Game Review: Alone With You (PS Vita)

Can a one-man dev/publisher team deliver on emotional resonance in this sci-fi romance adventure? Let’s find out in our review of “Alone With You”.

When I saw the trailer for “Alone With You”, my first thought was: “My, the art looks pretty!”. And it does. It truly, really does. It has a je ne sais quoi that can only be expressed by using a posh french phrase. The way you move, the way perspective is handled, it adds up to quite a visual treat. What the trailer can’t ready you for, however, is the emotional turmoil and havoc that Benjamin Rivers has been able to pack into this indie release.

You’re the lone survivor of a colony in a far-away planet. You must interact with the AI that was in charge of running the place, as well as the holograms of your of your (dead) colleagues in order to try and cobble together enough resources to repair your ship and go back to Earth.

Considering how story-heavy the game is, it’d be a crime to spoil it for you… not only due to the game’s reliance on the story for content, but because of the quality of it all. So, I’ll summarize: as you interact with the holograms and gather resources, you start learning that these people left lives behind. They existed. They were humans. They made mistakes. They were great. They were low.

You build up parts and other necessities for your ship, yes, but the game’s focus is interaction and emotional development. Does it succeed?

In a word: absolutely.

Yes, it really is this philosophical. And yes, it really does work.
Yes, it really is this philosophical. And yes, it really does work.

I want to move on to other aspects of the game, but I have to stress that the story is what you’re here for. The medium of “video game” is a tool to deliver a fantastic emotional punch.

Having said that, we can’t expect overly-complicated game play mechanics, and indeed we won’t find them here. While I understand that the story and interaction elements are the core of the game, though, there was a point (about half-way through the game) where I thought: “I wish there was more variety to what I need to do”. Most of my activities were divided into either sleeping, interacting with holograms or doing fetch-quests for the AI.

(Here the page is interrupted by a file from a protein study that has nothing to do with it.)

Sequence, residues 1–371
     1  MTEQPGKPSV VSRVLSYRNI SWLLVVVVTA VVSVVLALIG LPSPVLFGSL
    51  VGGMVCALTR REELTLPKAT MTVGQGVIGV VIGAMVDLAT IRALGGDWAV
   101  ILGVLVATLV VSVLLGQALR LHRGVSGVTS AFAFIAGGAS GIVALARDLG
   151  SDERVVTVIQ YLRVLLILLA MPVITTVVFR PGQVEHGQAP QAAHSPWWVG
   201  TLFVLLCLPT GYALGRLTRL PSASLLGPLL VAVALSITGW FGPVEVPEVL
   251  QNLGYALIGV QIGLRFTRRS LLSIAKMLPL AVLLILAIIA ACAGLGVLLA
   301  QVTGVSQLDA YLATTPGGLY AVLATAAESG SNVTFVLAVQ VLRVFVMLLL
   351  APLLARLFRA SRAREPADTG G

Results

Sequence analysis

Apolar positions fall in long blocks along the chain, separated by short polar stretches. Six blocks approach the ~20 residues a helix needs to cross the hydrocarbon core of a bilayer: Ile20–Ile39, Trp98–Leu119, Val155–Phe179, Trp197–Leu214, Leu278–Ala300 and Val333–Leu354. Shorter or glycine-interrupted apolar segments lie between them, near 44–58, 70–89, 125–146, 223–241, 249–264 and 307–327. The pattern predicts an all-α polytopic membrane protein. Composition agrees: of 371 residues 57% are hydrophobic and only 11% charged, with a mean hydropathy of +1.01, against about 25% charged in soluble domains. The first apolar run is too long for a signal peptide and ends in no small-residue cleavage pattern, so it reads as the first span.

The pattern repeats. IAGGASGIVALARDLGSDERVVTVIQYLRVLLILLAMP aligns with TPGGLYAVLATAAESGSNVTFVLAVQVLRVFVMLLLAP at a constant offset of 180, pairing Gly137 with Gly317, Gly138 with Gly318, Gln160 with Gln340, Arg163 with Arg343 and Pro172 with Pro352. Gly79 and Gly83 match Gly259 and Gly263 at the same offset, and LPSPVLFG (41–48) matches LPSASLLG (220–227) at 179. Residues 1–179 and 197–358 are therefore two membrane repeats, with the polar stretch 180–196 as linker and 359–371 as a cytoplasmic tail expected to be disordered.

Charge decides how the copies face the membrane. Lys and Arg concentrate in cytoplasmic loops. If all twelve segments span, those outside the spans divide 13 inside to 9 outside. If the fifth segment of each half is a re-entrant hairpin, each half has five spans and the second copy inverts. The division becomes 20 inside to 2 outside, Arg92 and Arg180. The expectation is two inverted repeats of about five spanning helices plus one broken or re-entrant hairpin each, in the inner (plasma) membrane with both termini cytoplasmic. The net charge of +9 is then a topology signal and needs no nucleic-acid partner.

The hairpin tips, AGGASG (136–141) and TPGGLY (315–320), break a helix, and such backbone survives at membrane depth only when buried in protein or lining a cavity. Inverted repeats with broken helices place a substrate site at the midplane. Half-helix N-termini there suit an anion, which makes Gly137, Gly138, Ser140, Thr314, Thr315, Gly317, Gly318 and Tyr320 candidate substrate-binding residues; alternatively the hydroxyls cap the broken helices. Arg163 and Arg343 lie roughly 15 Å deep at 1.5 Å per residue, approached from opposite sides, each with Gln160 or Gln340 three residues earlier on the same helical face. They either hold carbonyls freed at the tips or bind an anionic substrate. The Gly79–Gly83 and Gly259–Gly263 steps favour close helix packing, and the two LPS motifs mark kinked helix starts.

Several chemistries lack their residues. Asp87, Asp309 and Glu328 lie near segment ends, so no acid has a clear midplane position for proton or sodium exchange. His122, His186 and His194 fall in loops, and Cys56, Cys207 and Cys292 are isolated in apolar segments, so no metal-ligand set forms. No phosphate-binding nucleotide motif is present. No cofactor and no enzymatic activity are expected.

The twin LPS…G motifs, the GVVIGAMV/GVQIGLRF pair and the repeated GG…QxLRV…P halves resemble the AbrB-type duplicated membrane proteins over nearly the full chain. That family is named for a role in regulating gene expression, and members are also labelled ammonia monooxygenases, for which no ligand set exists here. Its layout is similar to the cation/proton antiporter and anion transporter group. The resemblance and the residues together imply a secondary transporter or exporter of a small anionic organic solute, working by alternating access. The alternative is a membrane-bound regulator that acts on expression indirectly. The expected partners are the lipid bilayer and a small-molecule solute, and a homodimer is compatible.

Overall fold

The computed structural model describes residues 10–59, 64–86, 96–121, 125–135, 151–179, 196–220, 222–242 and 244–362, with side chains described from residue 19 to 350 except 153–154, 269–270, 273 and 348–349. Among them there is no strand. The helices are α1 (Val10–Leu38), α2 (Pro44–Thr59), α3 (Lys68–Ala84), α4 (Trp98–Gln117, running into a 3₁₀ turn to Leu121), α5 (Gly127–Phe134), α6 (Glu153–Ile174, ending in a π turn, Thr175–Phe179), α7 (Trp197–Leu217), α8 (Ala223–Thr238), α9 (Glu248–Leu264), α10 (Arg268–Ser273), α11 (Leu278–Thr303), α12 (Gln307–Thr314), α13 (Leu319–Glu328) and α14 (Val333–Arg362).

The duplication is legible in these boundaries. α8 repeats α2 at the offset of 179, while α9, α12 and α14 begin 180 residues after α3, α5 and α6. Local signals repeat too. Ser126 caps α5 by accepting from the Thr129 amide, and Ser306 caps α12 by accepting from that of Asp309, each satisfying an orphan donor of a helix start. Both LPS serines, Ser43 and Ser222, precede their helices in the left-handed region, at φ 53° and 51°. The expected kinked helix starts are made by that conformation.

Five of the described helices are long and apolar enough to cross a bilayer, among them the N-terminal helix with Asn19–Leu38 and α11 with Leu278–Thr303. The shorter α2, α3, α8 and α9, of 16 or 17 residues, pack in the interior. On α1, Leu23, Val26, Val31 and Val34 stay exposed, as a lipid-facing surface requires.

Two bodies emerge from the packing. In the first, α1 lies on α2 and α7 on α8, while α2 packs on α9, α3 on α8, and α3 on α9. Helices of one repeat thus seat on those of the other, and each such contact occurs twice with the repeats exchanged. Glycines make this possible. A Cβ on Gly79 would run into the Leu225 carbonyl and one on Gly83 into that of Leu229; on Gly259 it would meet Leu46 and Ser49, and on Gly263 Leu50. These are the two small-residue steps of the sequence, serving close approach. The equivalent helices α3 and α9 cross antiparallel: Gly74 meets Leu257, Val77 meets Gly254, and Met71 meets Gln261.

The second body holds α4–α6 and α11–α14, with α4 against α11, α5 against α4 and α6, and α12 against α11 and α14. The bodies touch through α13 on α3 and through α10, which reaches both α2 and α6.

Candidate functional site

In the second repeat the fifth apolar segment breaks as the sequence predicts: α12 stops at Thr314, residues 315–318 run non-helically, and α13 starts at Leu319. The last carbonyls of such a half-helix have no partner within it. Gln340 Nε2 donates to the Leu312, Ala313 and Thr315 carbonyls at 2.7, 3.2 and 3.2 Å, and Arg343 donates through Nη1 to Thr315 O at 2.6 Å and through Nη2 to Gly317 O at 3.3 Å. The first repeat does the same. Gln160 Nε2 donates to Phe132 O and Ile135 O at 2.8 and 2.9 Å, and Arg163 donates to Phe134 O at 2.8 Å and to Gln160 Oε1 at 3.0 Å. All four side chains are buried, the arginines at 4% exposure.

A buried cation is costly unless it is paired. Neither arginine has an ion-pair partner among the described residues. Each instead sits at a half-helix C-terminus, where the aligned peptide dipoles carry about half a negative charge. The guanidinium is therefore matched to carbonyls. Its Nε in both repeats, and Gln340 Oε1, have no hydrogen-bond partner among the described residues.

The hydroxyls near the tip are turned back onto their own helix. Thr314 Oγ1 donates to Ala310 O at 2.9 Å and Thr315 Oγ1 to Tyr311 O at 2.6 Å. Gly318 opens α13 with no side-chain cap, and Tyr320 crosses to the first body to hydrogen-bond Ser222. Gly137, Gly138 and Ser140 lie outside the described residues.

While these fetch-quests did move the story forward, and they were populated by backstory and character development, they also become tedious and repetitive. Not overly so, but just enough to detract from the otherwise great experience I was having with the game. It felt like the game could have done with either more variety in terms of activity, or a more condensed story.

Beautiful art throughout the game marks a highlight in the experience.
Beautiful art throughout the game marks a highlight in the experience.

Going back to the game the way looks for a bit, I have to repeat myself and say that the art is phenomenal: nostalgic and pixel-y, yes, but also full of charm and character. There is an overlay used throughout the game to add more personality to the environments that I thought was a genius, resource-friendly way of dealing with a possible monotony in the art style. I just wish there were a couple of variations in the overlay department, though, as it got planted firmly in my brain in certain cutscenes.

The game runs extremely well 99% of the time: loads lightning fast and there are but a couple of frame drops. I did, sadly, experience two crashes. The game autosaves, so I didn’t lose too much progress, but both were at critical points in the story where I just wanted to progress, and having to do the already repetitive chores to advance the story felt unpleasant.

The environments can feel vast and the solitude very real.
The environments can feel vast and the solitude very real.

The music and sound are also highlights, being a joyful mix of modern chip-tune and sci-fi sound effects that drip nostalgia but without relying solely on it.

The level design is functional but not overly complex. There are puzzles to solve but only the last two or three will really require you to concentrate. Again, this may count as a negative for some, but for me, any more complexity would have been like adding chain and padlocks to a book: just because a story is more difficult to get to, doesn’t make it better.

In the end, this is a perfect example of substance over appearance (which considering how pretty the game is, it’s saying a lot).

Yes, as a game, “Alone With You” may be flawed. It may crash on you once or twice, and the missions can be a bit repetitive. But as an emotional experience, as a story-driven entertainment proposal, it’s near-perfect. And you know what? That’ll do me. That’ll do me just fine, thanks.

At a Glance:

  • Title: Alone With You
  • Publisher: Benjamin Rivers
  • Developer: Benjamin Rivers
  • Format: PSN Download
  • Size on Card: 1.4Gb

Vita Player Rating - 08

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About Marcos Codas 384 Articles
Lover of portable gaming and horror cinema. Indie filmmaker and game developer. Multimedia producer. Born in Paraguay, raised in Canada. Huge fan of "The Blair Witch Project", and "Sonic 3D Blast". Deputy head at Vita Player and its parent organization, Infinite Frontiers. Like what I do? Donate a coffee:

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